Microsoft today released a security update that changes the default behavior of the "Point and Print" feature to fix a serious security vulnerability that was revealed last month.
Point and Print was first added to Windows 2000, and works by connecting a print server to download and install the necessary print drivers each time a user creates a connection to a remote printer without having the drivers.
Earlier this year, Jacob Baines, a reverse engineer at Dark Wolf Solutions, found that malicious users within a company network could abuse Point and Print to run a malicious print server and force Windows systems to download and install malicious drivers.
Since Point and Print operated with SYSTEM privileges, the function gave malicious users (very easily) the right to gain administrator privileges on any large corporate or government network.
Microsoft initially tried to fix the issue that it documented as CVE-2021-34481 last month, but updates were incomplete.
Today, the company took a different approach. Because the security loophole exploits a design flaw, Microsoft has chosen to change the default behavior of Point and Print.
While to date, any user could add a new printer to a Windows computer, Microsoft says that after Patch Tuesday, only administrators will be able to add or update a printer with drivers from a remote print server.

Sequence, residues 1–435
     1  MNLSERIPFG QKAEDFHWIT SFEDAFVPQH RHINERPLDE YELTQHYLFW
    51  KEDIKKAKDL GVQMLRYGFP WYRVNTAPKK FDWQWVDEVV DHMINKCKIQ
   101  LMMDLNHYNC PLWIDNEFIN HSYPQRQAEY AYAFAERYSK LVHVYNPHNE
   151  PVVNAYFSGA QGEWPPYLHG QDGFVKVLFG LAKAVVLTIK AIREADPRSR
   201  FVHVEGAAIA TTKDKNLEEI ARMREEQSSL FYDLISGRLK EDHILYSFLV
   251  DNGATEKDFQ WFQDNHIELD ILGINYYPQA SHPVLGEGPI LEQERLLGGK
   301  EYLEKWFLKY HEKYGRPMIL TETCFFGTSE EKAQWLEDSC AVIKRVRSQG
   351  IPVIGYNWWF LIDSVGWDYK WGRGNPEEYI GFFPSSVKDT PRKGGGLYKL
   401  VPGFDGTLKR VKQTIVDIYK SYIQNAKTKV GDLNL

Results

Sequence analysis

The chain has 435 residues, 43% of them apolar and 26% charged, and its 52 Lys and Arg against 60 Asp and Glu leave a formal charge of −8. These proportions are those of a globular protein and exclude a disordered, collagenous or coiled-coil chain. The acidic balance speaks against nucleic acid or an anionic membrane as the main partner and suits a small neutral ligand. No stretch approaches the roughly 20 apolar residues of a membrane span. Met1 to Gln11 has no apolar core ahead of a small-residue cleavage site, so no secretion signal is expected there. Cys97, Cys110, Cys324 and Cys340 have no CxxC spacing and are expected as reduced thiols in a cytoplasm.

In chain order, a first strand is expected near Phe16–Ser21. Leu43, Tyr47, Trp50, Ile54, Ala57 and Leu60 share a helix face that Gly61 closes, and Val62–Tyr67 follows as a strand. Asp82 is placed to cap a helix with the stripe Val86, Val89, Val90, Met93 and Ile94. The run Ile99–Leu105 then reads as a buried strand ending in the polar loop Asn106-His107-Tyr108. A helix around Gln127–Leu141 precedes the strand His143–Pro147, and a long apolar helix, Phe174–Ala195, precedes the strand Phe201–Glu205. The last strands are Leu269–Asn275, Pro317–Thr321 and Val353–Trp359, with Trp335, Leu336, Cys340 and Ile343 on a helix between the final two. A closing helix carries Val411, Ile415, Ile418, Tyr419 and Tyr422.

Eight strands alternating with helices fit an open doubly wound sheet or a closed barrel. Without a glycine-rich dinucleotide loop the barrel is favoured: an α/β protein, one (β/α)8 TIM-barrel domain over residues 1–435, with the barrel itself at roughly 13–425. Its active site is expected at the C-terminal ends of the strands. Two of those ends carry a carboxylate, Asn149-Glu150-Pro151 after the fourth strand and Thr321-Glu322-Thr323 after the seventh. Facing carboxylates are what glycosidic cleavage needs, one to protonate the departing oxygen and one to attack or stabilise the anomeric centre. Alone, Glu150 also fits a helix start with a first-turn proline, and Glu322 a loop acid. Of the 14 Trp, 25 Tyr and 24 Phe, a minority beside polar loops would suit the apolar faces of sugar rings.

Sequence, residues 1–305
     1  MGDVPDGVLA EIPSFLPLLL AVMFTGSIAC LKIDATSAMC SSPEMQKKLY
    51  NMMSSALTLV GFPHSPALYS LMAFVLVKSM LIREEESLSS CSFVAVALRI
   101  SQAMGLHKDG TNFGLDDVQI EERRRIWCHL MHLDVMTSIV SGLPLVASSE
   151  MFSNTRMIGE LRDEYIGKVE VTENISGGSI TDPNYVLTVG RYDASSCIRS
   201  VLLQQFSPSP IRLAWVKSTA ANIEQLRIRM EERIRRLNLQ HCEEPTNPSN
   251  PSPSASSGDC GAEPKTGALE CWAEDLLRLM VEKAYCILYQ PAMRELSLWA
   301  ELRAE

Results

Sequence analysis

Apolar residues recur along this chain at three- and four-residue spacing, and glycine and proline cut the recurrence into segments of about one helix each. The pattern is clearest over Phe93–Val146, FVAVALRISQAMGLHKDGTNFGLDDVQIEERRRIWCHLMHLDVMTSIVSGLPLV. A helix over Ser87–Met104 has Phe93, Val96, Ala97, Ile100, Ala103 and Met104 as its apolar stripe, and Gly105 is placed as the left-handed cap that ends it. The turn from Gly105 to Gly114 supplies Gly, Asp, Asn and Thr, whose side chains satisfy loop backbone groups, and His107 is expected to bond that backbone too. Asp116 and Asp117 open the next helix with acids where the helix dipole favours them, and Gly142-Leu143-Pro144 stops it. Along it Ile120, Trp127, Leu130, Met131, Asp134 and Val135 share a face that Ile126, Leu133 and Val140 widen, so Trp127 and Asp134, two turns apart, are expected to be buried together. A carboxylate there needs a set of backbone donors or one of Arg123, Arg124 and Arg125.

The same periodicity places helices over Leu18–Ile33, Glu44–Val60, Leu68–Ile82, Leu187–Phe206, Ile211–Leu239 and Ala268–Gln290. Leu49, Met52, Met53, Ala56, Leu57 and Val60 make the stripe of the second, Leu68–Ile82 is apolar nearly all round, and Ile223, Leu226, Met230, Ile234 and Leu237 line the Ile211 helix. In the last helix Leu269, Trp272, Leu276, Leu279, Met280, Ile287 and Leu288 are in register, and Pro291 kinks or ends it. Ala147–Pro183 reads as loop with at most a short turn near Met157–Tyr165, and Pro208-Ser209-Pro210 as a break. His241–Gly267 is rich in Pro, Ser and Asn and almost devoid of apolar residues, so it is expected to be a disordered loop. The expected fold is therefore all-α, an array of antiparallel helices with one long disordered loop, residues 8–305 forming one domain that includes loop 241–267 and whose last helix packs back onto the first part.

"This change will take effect with the installation of security updates released on August 10, 2021, for all supported versions of Windows," Microsoft said today.
"This change may affect Windows print clients in scenarios where underprivileged users could add or update printers. However, we firmly believe that the security risk justifies this change ", the company continues.
For companies and users who do not want to block printer installations within their networks, Microsoft a registry key was also released allowing the old behavior.
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However, Microsoft warns of the dangers:
Disabling this update will expose your environment to publicly known vulnerabilities in Windows Print Spooler, and we encourage administrators to assess their security needs before taking on this responsibility.